The camera begins to objectify the 17-year-old Tessa in her early scenes, but when Wahlberg threatens other characters to back away from her, the cameraman wisely steps off as well. That’s not to say that all other ladies in the film are modestly dressed, or that Extinction rises above a zero on the Bechdel Test, but the costumes are largely upgraded on the respectability scale from Level Michael Bay to Level Typical Hollywood. That’s, er, technically progress.
Pet peeve invoked: fighters keep disappearing from fight scenes without explanation. The first skirmish between Optimus and Lockdown ends offscreen apparently because the plot really needed the human characters to escape and they couldn’t do that with him in the way. Throughout the climax, Optimus is accosted by a formidable enemy who basically quits the battle without telling anybody until after the dust settles. And it’s not just robots being hooked offstage: there’s one ex-girlfriend character who runs alongside Our Heroes until one minute before their finishing move, and then suddenly everyone’s hanging out and celebrating, but she’s as MIA as Chewbacca’s medal at the end of Star Wars.
Also, there’s a moment where Optimus backstabs an opponent and then shouts, “Honor until the end!” Someone should maybe explain the “honor” thing to him. I nominate Ken Watanabe’s Robo-Samurai.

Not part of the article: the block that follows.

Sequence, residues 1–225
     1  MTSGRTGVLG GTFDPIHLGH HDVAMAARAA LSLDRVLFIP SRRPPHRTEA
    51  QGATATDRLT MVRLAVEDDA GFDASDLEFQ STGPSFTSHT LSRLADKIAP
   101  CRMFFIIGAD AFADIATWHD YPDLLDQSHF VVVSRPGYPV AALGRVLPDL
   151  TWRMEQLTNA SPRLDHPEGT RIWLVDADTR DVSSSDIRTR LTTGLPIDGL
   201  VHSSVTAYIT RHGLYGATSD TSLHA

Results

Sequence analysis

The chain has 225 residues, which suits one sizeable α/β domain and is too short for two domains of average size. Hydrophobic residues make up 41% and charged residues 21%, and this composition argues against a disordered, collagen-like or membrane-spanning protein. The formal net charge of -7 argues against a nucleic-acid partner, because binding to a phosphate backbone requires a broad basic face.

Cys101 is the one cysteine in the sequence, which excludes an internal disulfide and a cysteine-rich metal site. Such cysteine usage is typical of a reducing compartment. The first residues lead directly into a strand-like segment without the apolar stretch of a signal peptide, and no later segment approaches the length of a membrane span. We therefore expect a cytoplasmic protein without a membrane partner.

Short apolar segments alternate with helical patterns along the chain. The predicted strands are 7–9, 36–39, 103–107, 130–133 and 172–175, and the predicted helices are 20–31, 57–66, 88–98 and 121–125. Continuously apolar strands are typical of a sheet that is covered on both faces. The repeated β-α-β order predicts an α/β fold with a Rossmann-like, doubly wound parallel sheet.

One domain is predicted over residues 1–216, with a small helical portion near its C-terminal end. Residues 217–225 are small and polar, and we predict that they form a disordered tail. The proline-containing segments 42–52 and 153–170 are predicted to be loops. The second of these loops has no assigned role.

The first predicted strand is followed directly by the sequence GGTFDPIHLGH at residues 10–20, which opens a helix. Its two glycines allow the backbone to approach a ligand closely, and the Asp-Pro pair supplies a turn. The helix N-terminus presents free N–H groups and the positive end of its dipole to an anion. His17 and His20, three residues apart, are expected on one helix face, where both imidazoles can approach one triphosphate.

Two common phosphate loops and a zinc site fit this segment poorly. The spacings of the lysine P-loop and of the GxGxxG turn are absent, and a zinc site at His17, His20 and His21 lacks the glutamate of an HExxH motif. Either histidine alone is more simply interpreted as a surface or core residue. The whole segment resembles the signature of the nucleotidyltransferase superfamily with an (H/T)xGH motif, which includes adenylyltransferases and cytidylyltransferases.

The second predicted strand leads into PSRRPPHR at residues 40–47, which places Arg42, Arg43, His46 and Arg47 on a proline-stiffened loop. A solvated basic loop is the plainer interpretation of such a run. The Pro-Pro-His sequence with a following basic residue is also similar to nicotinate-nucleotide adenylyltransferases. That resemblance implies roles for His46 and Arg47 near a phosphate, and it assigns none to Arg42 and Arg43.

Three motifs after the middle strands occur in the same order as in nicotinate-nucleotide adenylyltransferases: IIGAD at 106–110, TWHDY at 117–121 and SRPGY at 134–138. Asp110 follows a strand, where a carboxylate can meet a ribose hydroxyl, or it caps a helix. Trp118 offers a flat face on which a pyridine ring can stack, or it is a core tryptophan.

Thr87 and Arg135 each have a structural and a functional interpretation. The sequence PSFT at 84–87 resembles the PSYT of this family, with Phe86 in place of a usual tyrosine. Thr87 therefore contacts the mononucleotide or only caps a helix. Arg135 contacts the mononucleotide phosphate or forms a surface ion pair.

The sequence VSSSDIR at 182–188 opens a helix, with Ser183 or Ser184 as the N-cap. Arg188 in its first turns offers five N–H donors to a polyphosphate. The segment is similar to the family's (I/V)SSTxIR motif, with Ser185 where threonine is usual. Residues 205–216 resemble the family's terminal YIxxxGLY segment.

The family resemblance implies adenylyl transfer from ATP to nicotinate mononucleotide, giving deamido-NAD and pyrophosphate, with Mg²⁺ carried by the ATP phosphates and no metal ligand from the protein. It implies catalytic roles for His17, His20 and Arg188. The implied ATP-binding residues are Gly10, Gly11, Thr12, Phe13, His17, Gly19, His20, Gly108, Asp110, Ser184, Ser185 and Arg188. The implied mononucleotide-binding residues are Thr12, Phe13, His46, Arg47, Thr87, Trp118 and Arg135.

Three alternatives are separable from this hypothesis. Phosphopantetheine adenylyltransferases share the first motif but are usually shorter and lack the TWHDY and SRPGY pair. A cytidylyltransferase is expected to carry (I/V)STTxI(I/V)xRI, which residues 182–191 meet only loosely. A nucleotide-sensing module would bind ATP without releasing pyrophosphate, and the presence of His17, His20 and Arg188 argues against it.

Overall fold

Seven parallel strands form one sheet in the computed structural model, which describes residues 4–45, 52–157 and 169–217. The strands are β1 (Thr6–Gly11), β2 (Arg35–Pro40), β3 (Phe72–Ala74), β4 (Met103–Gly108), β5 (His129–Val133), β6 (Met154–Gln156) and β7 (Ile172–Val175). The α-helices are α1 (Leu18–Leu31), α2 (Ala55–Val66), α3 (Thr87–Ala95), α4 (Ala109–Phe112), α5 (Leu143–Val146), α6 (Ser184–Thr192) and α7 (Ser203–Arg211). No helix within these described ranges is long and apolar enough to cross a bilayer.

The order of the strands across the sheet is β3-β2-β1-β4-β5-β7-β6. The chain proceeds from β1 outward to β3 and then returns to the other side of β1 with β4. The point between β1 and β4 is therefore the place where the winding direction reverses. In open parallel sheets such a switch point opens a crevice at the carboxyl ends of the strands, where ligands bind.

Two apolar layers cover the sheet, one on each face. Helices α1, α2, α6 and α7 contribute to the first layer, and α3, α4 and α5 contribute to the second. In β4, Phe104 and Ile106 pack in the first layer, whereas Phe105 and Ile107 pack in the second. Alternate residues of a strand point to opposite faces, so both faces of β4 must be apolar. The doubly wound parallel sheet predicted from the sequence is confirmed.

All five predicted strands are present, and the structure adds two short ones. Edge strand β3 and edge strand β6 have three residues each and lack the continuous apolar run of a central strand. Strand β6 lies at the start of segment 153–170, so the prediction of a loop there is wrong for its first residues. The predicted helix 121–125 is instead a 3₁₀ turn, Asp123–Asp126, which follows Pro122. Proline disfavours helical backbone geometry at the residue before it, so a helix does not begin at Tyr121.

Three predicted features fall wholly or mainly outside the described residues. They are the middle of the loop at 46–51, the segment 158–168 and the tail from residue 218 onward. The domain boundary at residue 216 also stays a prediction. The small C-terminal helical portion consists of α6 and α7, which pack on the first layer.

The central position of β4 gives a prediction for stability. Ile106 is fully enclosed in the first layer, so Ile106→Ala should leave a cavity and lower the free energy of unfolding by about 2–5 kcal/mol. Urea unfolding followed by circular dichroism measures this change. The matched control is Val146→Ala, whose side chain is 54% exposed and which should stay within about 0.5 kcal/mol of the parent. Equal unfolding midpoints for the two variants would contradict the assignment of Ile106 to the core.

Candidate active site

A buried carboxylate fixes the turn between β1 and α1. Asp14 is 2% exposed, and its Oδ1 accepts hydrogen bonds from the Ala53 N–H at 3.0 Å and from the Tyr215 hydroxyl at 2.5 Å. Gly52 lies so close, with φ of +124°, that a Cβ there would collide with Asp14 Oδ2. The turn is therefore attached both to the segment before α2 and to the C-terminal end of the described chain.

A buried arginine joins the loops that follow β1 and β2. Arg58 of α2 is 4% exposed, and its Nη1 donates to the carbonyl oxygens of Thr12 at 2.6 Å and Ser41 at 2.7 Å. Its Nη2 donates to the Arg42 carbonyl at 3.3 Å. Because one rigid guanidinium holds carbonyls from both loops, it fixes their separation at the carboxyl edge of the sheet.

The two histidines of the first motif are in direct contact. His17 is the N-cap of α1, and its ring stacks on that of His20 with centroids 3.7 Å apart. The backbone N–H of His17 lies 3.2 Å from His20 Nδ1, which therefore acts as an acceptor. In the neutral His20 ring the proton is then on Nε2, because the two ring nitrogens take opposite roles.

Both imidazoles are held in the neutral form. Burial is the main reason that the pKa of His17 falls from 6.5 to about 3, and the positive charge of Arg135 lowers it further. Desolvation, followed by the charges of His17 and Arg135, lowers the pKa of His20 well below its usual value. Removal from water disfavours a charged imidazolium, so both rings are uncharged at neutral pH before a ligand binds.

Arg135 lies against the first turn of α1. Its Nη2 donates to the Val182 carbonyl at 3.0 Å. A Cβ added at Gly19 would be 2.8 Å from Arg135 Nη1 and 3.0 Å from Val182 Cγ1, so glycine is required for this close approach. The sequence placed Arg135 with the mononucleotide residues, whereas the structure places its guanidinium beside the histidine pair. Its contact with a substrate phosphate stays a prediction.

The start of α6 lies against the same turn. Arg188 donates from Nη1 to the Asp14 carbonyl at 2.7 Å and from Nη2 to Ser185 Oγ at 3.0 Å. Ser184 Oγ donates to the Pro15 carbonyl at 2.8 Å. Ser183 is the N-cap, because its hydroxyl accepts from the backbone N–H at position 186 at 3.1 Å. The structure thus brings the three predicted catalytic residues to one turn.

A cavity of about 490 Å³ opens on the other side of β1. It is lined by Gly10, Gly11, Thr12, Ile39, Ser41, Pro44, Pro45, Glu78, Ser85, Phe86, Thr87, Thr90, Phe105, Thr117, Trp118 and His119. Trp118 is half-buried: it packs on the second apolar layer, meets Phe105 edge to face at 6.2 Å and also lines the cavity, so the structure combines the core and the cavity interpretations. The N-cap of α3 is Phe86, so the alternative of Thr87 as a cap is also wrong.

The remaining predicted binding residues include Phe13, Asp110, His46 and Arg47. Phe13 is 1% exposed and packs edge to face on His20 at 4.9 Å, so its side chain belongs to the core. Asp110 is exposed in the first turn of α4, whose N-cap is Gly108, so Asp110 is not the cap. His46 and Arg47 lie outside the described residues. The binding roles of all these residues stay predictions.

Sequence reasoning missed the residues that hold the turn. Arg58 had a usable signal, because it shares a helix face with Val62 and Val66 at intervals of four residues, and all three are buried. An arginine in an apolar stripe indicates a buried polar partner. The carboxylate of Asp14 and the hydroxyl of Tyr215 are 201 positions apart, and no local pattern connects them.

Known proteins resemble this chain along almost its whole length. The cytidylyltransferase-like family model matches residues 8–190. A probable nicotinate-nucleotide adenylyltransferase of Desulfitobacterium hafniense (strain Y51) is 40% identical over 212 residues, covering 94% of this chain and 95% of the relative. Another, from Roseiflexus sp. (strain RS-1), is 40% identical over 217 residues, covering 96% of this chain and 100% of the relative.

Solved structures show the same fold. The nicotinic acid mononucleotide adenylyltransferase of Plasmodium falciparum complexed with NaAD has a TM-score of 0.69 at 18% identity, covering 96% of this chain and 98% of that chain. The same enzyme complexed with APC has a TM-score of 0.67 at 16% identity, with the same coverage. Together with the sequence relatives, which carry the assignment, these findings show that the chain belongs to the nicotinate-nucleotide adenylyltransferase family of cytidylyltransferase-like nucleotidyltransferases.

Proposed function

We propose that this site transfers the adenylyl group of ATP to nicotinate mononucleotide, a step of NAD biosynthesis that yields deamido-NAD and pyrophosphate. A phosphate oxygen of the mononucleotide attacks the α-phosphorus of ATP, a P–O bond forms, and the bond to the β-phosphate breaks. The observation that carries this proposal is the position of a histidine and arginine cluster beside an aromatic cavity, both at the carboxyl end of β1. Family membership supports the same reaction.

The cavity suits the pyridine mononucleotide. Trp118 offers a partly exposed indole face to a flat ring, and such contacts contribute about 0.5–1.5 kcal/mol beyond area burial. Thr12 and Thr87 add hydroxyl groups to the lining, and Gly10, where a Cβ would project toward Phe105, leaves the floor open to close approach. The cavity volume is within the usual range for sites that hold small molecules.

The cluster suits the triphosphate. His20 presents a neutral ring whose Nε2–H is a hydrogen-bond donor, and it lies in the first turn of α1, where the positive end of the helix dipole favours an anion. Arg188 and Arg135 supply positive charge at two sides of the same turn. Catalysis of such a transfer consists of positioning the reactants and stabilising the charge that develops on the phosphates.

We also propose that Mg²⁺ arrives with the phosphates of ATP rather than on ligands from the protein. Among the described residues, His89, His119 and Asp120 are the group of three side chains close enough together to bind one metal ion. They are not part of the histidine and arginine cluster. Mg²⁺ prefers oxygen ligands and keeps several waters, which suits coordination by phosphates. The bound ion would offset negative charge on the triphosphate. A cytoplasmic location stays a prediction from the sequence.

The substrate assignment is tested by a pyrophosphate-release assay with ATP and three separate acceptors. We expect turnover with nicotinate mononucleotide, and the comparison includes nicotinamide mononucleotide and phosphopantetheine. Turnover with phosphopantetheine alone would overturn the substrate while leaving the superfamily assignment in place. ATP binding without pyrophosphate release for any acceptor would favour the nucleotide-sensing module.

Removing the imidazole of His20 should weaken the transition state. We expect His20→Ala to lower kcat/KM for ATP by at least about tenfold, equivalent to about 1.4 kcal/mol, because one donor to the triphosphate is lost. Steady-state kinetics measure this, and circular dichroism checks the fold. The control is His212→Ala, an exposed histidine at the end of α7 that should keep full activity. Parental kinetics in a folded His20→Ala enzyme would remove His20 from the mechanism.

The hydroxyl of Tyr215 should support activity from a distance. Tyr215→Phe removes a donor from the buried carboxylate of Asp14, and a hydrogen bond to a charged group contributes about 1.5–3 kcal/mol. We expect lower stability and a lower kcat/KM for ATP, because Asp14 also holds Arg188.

So did I like it or not? Here’s the thing: despite the internet’s savage hyperbole, the 165-minute running time, and the long list of issues described above, Transformers: Age of Extinction is surprisingly followable. Sure, it’s hollow at times, but it never approached the depths of loathsomeness I’d been led to expect. Thanks for much of that newfound tolerability are owed to the replacement cast. Mark Wahlberg’s everyman replaces the living aggravation machine that flailed and shrieked its way through the original trilogy; Stanley Tucci is nowhere near the eye-rolling caricature that John Turturro devolved into; no one even tries to copy the tackiness of the Witwicky family; and for once there’s an Autobot besides Optimus who has a crowd-pleasing personality.
That’s the key to surviving summer blockbuster action disaster events: too often they require temporary brain shutdown to endure, but if your descent into the maelstrom is accompanied by likable tour guides, they may give you just enough will to live through it all with eyes open. As world-traveling disaster epics go, Extinction falls short of the sublime madness that was 2012 (forevermore my yardstick for such flicks), but it easily overcomes the second and third Transformers chapters in coherence, travel scenery, acting, non-exploitative female characters, and cringe factor. And okay, yeah, some of the action was as cool as Bay thinks it was. I didn’t hate it and it’s not my least favorite thing I’ve seen in theaters this year. Simply put, it exceeded my pessimistic expectations and earned itself a “Most Improved” ribbon for positive reinforcement.
How about those end credits? No, there’s no scene after the Transformers: Age of Extinction end credits, but if you’re wondering why parts of Steve Jablonsky’s score sounds more like Hans Zimmer’s than ever, scrutinizing those credits mentions Zimmer himself for “Additional Music Production”, or words to those effect. Right after his name is another contributor I didn’t detect and wouldn’t expect: Skrillex.